Like most websites The Analytical Scientist uses cookies. In order to deliver a personalized, responsive service and to improve the site, we remember and store information about how you use it. Learn more.

Quantitative Analysis of Residual Monomer in PMMA by Thermal Desorption-GC-MS


This application note demonstrates quantitative analysis of monomer contamination in a polymer by performing TD-GC-MS.


Acrylic polymers are prepared from acrylate monomers and are widely used in cosmetic and medical products. During the polymerization process, certain level of monomer is left unpolymerized. The exact amount of such residual monomer became an interest of quality control since the sensitive applications could be regulated by the FDA1. Although these QA analysis are frequently done by solvent extraction, thermal analysis offers some distinct advantages. First, it is a green method without solvent to concentrate or dispose. Secondly, since the analysis does not include a large solvent peak, the technique is a sensitive way to identify traces of compounds which might be masked by solvent injection. Finally, larger sample may be analyzed with better homogeneity, as opposed to an aliquot from a solvent extraction.2

While the Pyroprobe’s normal function is to use pyrolysis as a tool to identify polymer materials, it actually offers a full suite of thermal analysis tools including Thermal Desorption, Dynamic Headspace, Photochemistry, Evolved Gas Analysis , Tandem Reactor and even SPME based on the nature of the application. Following the Pyroprobe Application Decision Making Tree3, a piece of polymethyl methacrylate (PMMA) material was analyzed to quantify the residual monomer, which is methyl methacrylate. After an Evolved Gas Analysis screening was performed, a thermal desorber attachment was picked for thermal desorption-GC-MS to calculate the amount of residual monomer in the material.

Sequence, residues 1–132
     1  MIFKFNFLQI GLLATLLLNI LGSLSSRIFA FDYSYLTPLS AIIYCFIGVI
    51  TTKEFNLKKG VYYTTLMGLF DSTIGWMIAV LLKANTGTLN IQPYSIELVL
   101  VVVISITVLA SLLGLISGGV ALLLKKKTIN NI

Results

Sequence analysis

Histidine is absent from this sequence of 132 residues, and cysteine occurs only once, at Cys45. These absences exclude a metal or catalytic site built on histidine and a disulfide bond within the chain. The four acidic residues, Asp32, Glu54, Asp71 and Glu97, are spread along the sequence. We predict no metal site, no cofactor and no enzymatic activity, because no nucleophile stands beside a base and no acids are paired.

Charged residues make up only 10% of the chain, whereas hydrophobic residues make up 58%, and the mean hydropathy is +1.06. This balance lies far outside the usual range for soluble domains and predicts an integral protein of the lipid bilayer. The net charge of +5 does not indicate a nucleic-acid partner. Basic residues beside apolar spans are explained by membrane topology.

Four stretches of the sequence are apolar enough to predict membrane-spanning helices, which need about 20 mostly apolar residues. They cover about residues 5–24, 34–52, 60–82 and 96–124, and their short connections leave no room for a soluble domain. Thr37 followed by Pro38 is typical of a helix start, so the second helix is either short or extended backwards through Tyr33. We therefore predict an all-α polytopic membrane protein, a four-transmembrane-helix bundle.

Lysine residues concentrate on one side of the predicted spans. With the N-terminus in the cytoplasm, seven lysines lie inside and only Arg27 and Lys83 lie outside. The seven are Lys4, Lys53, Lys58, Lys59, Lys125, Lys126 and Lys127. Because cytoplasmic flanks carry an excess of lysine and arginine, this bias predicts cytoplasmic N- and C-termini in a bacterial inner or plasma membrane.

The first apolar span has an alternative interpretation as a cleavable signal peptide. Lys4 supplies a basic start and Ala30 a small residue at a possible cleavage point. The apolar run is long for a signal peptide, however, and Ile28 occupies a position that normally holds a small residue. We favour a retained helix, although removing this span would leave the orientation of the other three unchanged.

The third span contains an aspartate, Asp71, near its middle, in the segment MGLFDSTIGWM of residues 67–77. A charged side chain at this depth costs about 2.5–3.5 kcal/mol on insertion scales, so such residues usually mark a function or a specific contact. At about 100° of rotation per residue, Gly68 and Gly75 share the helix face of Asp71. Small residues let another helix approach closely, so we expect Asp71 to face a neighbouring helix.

Read the full article now

Log in or register to read this article in full and gain access to The Analytical Scientist’s entire content archive. It’s FREE!


Subscribe to The Analytical Scientist Newsletters

When you click “Subscribe” we will email you a link, which you must click to verify the email address above and activate your subscription. If you do not receive this email, please contact us at [email protected].

Register to The Analytical Scientist

Register to access our FREE online portfolio, request the magazine in print and manage your preferences.

You will benefit from:

  • Unlimited access to ALL articles
  • News, interviews & opinions from leading industry experts
  • Receive print (and PDF) copies of The Analytical Scientist magazine